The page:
And it's my understanding that HNS was offered by a number of nearby nations, including (but not limited to) the 'northern 'stans', while the CV based air power required overflight permissions to do their job.
And if we had to repeat a Falklands type scenario and dip clearences weren't forth comming then without carriers we would be well stuffed. I know the arguments Uncle Sam will always provide (when it suits him)
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Old 28th Apr 2006, 23:59
  #123 (permalink)  
 
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Nursey,

If by some mischance we withdrew the F3s and then had to recover the Falklands, without coalition support, we would be f*cked without carriers.

If we needed to drop paras at Brigade strength, we'd be hard pressed.

If we needed to make a full-on cavalry charge, we'd be b*ggered.

But with shrinking budgets, and with increasing costs of defence equipment, we can't hope to be able to do everything that we used to do.

And if we have to cut corners, it's better by far to ditch the higher cost capabilities that we are least able to need and to concentrate on those areas that make us most useful to our allies, and that we do best.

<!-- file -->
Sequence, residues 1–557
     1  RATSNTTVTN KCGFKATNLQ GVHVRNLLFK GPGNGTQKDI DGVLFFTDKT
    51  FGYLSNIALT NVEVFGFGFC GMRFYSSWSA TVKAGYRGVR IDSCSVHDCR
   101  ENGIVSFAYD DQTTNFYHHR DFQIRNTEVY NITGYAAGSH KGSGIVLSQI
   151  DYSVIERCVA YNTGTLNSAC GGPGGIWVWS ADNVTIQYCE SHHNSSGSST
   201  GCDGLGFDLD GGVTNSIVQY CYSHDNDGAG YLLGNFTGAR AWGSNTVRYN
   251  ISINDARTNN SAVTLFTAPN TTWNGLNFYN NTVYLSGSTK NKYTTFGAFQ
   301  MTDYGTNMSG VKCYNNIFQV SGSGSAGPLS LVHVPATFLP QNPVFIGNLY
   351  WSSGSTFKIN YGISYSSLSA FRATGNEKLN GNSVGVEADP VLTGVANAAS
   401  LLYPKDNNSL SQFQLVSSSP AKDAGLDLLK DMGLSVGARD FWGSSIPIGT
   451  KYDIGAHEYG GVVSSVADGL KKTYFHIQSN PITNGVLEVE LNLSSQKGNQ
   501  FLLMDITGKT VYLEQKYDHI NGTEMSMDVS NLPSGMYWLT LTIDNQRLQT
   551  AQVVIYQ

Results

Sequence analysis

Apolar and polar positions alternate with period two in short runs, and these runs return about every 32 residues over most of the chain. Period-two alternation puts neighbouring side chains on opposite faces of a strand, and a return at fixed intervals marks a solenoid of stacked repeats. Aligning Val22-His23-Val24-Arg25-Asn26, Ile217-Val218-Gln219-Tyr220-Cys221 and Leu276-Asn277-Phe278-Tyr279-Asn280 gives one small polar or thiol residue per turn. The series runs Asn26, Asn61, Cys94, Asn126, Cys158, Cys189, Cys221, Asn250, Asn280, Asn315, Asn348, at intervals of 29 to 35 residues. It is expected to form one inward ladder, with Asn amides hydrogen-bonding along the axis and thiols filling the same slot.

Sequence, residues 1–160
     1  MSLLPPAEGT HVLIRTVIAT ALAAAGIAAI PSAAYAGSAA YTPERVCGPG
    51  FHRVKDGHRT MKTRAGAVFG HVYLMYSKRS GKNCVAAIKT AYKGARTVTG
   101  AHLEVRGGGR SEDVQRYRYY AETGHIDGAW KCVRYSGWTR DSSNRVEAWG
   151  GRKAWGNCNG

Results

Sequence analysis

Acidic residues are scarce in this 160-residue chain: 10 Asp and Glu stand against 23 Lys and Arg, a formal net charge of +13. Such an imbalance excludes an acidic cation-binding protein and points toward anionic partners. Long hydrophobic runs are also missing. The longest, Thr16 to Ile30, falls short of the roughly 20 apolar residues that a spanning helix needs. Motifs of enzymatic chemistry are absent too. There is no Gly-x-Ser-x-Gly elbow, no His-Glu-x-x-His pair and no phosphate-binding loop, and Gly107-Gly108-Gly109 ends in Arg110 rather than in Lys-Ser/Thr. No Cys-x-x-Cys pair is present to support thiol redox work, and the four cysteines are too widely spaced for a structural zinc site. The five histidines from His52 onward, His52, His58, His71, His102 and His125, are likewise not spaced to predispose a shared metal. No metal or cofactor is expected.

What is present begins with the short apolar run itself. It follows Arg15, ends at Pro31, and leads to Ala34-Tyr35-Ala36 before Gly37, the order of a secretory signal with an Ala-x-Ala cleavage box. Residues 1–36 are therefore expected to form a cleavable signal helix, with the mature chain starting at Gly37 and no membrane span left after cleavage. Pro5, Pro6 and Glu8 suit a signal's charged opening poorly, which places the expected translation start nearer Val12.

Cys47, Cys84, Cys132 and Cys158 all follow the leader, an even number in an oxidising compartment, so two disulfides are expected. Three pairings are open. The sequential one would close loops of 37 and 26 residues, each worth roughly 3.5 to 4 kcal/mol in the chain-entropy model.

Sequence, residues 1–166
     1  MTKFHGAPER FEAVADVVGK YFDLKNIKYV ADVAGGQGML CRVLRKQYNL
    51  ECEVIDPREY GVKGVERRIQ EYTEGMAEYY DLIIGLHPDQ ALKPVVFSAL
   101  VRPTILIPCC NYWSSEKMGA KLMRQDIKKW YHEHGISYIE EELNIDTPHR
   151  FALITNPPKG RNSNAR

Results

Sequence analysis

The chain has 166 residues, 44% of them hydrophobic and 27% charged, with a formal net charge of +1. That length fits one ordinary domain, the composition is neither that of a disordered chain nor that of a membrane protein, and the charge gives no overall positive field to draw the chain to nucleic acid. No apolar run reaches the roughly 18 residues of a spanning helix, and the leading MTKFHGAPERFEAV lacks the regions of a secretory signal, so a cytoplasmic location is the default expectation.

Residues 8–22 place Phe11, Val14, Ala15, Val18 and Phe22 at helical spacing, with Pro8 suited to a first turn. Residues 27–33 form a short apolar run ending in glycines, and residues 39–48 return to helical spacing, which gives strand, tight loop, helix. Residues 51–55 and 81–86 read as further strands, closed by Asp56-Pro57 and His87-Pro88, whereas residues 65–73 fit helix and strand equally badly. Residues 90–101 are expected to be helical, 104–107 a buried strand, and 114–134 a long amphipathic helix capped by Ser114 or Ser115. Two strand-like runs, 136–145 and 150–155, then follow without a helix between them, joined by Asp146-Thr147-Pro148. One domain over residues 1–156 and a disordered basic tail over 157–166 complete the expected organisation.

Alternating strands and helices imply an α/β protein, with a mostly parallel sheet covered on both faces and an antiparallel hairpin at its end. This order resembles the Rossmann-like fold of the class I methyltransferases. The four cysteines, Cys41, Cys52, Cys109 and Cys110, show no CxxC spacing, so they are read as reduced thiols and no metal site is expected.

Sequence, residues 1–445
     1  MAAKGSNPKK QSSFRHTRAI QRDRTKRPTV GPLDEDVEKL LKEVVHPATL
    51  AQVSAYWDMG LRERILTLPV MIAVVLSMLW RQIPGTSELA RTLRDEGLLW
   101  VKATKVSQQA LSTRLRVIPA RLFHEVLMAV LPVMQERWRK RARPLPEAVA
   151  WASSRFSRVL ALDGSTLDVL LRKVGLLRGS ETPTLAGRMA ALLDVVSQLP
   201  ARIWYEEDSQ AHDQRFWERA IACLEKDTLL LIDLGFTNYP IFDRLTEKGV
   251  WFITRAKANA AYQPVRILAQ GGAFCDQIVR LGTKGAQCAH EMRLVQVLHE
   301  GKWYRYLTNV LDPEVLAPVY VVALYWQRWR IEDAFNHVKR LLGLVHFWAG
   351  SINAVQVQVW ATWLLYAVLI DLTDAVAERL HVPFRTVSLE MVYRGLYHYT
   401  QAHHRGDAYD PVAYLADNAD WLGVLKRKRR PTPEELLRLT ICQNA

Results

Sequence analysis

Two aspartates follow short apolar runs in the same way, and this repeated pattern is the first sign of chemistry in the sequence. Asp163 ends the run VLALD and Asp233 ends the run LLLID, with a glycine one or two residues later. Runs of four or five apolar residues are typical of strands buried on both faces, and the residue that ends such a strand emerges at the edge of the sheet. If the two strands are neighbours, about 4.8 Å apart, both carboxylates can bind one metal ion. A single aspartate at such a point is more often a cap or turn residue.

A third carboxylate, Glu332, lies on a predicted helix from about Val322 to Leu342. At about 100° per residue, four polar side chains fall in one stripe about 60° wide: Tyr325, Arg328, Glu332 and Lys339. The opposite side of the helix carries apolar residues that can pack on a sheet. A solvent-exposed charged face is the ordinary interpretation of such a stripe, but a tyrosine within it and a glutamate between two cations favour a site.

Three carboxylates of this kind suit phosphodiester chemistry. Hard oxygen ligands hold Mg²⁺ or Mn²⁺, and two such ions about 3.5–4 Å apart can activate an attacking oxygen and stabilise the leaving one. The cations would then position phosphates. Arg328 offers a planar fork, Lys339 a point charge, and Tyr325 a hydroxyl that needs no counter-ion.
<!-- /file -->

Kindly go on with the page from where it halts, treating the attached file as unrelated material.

As for Dip Cs, they were there for Dakar during Palliser, long before the carrier got there.


Bismarck,

UK commitment was certainly useful to the Yanks, but what they asked for first were R1s and PR9s and then tankers, and I'll bet they'd have welcomed one more R1 or a couple more VC10s than they welcomed Illustrious, that just got in the way, without generating a meaningful sortie rate or effect.
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Old 29th Apr 2006, 01:29
  #124 (permalink)  
 
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No we can't hope to everything we once did. But there is a level of capability we should be able to provide. We have restructured our forces to fight expititionary warfare like we did in the 1930's and look what happened when they went to war without proper aircover!!
As to Dip clearences they can have caveats like no offensive air. Again you are relying on somone elses good will and at some point in the future we may be having to send a force into an area which there is limited of no goodwill for us. BTW I said a Falklands type operation IE proper unilateral expiditionary warfare and force projection from the sea. Which is more viable than dropping an airborne Brigade in which even 16 AA admit is a non starter which is why they focus on dropping a Batalion group and TALO or Air Assualt the rest in.